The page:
Trading with the EU: The Top Tips for Smooth Movement of Goods
Andrew Thurston · November 7th 2022 · read
Since the 1st January 2021, many manufacturers, both UK and EU, have experienced serious issues in relation to their ability to manufacture and supply goods across the English Channel.
Depending on the type of goods being transited, the issues vary making it difficult to make a sweeping assessment of the situation since Brexit.
During a recent ICAEW webinar we discussed some of the issues we had identified during discussions with our clients and it was clear that the attendees were majorly concerned about the additional bureaucracy that a customs border imposes. With just the addition of the customs declaration there is a cost and potential risk of delay that was not there prior to 2021. Also, additional paperwork may be required, especially for manufacturers in the Agrifoods sector. This has meant significant investment in extra staffing to manage these new processes, which in turn are required to make the movement of the goods as smooth and timely as possible.
For many UK manufacturers, there are pre-existing supply chains which involve the purchase of parts and components from the EU. Although the UK/EU Trade Agreement attempts to facilitate trade by minimizing the potential for customs duties, this is restricted to ‘Originating’ goods. Many UK manufacturers will now need to maintain additional records to evidence to HMRC that their goods are ‘Originating’ and therefore subject to the zero-tariffs.
Depending on the finished product, the evidence required could cause significant administration requirements as these need to be reviewed regularly. Such is the case that we have heard from clients that their suppliers are not willing to invest in the administration required to evidence the origin of their products, resulting in the full rate of customs duty being applicable on importation.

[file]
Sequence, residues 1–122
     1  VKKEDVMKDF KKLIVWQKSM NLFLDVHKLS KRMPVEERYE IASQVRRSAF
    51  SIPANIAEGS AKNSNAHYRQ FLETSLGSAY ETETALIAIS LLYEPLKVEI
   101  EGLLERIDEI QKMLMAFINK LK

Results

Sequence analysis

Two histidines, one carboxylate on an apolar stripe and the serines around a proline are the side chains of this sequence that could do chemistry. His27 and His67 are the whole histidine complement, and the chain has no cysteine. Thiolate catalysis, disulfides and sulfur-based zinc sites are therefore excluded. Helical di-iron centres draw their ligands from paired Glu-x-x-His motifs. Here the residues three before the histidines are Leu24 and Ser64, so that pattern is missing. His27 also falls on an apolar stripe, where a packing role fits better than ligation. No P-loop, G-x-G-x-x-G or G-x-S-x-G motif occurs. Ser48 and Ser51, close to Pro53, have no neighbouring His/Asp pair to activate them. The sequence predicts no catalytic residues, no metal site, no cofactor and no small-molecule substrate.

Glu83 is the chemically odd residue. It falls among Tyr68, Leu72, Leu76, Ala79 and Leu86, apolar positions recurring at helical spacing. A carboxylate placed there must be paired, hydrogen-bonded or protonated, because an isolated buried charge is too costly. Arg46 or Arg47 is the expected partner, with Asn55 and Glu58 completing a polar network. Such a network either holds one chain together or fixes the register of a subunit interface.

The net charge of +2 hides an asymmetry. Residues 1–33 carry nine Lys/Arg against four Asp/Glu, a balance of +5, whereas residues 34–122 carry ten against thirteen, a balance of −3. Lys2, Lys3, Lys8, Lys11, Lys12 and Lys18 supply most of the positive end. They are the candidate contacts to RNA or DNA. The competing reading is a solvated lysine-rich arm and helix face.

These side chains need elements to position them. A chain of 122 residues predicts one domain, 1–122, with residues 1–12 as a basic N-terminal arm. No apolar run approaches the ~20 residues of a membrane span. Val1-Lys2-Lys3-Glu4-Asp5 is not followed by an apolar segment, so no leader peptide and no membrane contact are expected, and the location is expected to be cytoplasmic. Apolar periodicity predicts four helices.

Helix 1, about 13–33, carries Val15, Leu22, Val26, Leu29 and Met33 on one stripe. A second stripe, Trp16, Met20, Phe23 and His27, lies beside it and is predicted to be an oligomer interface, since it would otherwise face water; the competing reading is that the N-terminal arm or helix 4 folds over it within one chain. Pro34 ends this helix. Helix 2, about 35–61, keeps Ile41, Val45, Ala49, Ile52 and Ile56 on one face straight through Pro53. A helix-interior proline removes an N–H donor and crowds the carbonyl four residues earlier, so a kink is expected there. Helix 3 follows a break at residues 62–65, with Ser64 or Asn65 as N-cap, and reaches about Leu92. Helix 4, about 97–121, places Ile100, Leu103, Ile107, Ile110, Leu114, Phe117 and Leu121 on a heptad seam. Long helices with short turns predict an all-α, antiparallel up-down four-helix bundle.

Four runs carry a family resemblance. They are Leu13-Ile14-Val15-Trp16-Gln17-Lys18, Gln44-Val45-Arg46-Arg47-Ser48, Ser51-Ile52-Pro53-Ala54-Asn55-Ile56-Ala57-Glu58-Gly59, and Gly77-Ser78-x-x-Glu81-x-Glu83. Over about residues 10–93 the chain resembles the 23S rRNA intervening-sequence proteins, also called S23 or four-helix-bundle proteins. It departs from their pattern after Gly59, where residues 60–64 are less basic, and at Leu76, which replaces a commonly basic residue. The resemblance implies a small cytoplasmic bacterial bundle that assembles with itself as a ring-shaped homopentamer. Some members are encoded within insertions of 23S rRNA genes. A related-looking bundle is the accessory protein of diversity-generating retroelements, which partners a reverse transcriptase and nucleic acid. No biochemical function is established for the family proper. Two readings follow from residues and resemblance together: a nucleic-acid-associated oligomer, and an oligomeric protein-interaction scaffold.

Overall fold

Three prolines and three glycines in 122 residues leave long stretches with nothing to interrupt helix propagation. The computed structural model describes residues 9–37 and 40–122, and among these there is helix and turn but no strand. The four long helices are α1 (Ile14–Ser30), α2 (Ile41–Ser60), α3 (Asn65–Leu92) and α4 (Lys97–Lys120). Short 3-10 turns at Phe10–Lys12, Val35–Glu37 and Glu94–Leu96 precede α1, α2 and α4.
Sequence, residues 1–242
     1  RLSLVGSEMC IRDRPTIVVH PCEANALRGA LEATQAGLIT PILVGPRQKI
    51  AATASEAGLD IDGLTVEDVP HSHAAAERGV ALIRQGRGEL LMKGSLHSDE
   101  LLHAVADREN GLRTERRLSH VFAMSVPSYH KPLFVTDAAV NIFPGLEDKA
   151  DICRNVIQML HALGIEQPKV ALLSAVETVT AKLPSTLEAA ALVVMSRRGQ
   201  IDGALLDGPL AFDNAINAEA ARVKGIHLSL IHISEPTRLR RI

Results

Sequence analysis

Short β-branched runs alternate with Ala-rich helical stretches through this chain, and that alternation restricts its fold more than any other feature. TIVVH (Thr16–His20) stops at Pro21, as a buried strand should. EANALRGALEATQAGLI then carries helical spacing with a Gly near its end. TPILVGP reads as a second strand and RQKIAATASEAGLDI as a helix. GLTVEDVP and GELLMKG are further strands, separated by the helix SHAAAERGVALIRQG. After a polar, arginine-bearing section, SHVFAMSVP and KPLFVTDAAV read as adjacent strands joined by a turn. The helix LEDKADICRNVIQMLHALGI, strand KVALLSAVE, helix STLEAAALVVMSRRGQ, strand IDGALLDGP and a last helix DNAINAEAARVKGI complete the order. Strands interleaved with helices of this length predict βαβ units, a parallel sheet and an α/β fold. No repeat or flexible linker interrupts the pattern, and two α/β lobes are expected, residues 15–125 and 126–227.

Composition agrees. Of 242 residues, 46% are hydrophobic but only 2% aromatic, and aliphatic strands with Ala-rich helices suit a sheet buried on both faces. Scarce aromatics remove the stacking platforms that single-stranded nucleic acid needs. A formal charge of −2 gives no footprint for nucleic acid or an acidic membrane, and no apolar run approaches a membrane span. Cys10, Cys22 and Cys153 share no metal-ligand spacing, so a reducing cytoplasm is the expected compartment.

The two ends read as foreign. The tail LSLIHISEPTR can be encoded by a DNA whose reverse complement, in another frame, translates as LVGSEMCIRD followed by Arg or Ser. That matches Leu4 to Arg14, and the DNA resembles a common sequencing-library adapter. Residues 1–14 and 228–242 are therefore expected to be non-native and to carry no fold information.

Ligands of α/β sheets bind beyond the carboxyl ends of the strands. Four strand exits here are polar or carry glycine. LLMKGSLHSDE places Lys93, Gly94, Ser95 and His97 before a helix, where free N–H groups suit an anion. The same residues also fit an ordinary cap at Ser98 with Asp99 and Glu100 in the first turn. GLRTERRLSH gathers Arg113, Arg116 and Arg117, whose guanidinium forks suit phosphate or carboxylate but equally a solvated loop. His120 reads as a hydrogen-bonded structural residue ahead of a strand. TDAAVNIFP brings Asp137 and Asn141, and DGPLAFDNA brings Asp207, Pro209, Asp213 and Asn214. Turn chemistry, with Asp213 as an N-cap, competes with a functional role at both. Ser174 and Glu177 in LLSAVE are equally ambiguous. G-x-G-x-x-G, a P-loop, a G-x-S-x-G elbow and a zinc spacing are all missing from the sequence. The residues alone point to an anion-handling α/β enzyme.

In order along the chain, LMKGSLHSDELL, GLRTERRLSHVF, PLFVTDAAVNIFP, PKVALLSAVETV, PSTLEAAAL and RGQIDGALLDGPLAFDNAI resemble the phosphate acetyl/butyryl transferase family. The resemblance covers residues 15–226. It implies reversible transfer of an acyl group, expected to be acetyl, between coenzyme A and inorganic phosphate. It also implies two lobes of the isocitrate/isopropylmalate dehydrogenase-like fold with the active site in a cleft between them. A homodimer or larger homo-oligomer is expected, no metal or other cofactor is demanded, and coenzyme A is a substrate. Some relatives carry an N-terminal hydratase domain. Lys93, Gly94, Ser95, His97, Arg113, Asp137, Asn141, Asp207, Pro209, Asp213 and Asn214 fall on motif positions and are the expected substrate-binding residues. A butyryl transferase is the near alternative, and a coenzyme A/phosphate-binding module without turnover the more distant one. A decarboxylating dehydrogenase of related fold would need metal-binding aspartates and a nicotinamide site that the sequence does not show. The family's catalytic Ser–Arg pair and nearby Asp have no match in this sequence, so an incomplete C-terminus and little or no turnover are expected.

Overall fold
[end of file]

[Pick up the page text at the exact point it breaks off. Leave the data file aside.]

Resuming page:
This increases the costs to the manufacturer and potentially creates issues when determining the origin of the finished product. We would recommend that businesses review the impact of customs duty within their supply chain to ensure that any costs are considered as part of determining the price of the finished goods.
Another major issue that manufacturers are experiencing is the continued fluctuations in supply chains due to the imbalance of freight containers caused by the Covid Pandemic.
Businesses should consider managing their stock in different ways to ensure that they can maintain satisfactory levels to minimize the impact of a supply chain collapse. This increases pre-manufacturing costs due to investment in stock that may not be required for up to 12 months.
As there is now a customs border, manufacturers who are part of a processing supply chain now should consider the possibility of using Customs Special Procedures to manage their UK duty liabilities. This is especially important for businesses who do not own the parts or raw materials imported for use in the manufacturing process as the UK’s policy on the reclaim of import VAT only allows the owner of the goods to make such a claim.
What do UK manufacturers think?
We would recommend that any business who imports goods for processing considers using Inward Processing to mitigate the risk of incurring customs duty and import VAT.
HMRC are responsible for ensuring UK importers maintain a satisfactory level of compliance and there is a risk that businesses will be inspected in the near future. We strongly recommend that, if not in place now, businesses review their procedures for retaining and checking their customs declaration. Failure to do so could result in errors not being identified and render the business liable to customs debts and penalties.
Get in touch
If you would like advice on how to manage smooth movement of goods into the EU, please get in touch